History of Hymns: "Jesus, Thine All-Victorious Love," by Charles Wesley
“Jesus, Thine All-Victorious Love,”
by Charles Wesley
The United Methodist Hymnal, No. 422.
Methodists need no introduction to Charles Wesley. For that matter, neither do most singing Christians! Perhaps no other hymn writer except Isaac Watts is so well loved as Charles Wesley. Few were as prolific, at least, or as wide-ranging with regard to the theological topics they addressed. Those who wish to learn more about Charles, the younger of the two famous Wesley brothers, can find an excellent introduction in Christianity Today’s online “History of Christianity” series.1 “Jesus, Thine All Victorious Love” comes from the Wesleys’ great compendium, A Collection of Hymns for the Use of the People Called Methodists (A Collection of Hymns).2 John Wesley, in the 1779 preface to that collection, calls it a “little body of experimental and practical divinity.” Indeed, the book is thoroughly and thoughtfully organized by theological topic. “Jesus, Thine All Victorious Love” stands out in that collection as an exemplary text for the Easter season. This is the fourth and last in a series of articles in the month of April exploring hymns especially appropriate for Eastertide.
“Jesus, Thine All Victorious Love” is found in the United Methodist Hymnal at No. 422. As with many Wesley hymns that we sing today, the four stanzas given in the UMH are but part of a much longer hymn called “My God! I know, I feel thee mine.” The complete hymn is found in Collection of Hymns for the Use of the People Called Methodists in the section, “For Believers, Groaning for Full Redemption.”3 Atop the hymn text in the early editions sits a scripture reference to Romans 4:13, which speaks of the promise God made to Abraham and the righteousness of his faith.4 The full hymn has twelve stanzas, which can be divided thematically into four groups. Stanzas 1 to 3 articulate an individual’s desire for intimate communion with God the Father using physical, even visceral, images. Stanza 2 is particularly beautiful and connects to the passage from Romans 4, using the language of faith:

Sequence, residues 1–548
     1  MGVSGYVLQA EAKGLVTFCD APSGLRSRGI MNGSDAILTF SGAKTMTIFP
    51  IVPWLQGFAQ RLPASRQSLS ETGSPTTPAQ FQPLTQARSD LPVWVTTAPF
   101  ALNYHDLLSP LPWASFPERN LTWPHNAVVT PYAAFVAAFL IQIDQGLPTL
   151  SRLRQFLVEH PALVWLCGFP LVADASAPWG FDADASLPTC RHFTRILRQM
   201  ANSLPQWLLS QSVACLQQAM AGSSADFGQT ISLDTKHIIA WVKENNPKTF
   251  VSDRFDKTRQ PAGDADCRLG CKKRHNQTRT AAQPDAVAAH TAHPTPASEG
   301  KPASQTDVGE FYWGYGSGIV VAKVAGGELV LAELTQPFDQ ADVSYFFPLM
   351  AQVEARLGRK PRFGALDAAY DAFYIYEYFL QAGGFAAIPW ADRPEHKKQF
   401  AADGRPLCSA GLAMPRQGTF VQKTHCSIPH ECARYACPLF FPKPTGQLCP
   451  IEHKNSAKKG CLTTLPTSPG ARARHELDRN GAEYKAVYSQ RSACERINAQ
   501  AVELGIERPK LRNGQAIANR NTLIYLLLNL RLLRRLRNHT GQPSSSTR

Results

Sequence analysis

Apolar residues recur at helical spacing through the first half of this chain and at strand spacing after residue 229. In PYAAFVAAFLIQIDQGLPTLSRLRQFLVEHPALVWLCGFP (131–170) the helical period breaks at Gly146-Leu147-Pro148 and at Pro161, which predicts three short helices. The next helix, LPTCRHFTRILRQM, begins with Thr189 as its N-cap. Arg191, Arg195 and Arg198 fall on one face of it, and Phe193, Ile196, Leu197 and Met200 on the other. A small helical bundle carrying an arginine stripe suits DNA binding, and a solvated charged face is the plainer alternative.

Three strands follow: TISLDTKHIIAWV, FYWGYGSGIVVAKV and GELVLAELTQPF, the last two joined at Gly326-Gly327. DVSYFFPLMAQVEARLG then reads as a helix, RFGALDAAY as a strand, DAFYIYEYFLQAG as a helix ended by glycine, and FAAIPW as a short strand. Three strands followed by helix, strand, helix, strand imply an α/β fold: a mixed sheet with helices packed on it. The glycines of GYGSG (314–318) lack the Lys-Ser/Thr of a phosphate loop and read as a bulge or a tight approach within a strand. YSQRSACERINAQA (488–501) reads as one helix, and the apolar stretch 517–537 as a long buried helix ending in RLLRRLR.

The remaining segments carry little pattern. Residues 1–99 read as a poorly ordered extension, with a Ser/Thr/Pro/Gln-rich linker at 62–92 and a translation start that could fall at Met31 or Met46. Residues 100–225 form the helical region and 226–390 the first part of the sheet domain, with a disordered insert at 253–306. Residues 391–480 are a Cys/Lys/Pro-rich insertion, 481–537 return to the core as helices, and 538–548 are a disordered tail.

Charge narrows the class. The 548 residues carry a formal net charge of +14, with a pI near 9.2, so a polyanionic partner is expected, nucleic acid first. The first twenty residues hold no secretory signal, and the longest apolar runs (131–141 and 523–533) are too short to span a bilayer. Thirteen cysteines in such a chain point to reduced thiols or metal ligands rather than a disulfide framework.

I hold Thee with a trembling hand,
But will not let Thee go,
Till steadfastly by faith I stand,
And all Thy goodness know.
This opening group of stanzas speaks of how such an intimate relationship with God not only sustains us, but gives us “health, and life, and power, and perfect liberty.” The use of superlatives such as “all Thy goodness” and “perfect liberty” highlights well the Wesleyan idea of Christian perfection.
The second section focuses on the love of Jesus and that love’s redemptive power. There are several scriptural images at play, and as one might expect from Wesley, or indeed from most anyone writing about love, conversion of the heart is central to this section. The United Methodist Hymnal version begins with this stanza, which is number 4 in the original.
Jesus, thine all victorious love
shed in my heart abroad;
then shall my feet no longer rove,
rooted and fixed in God.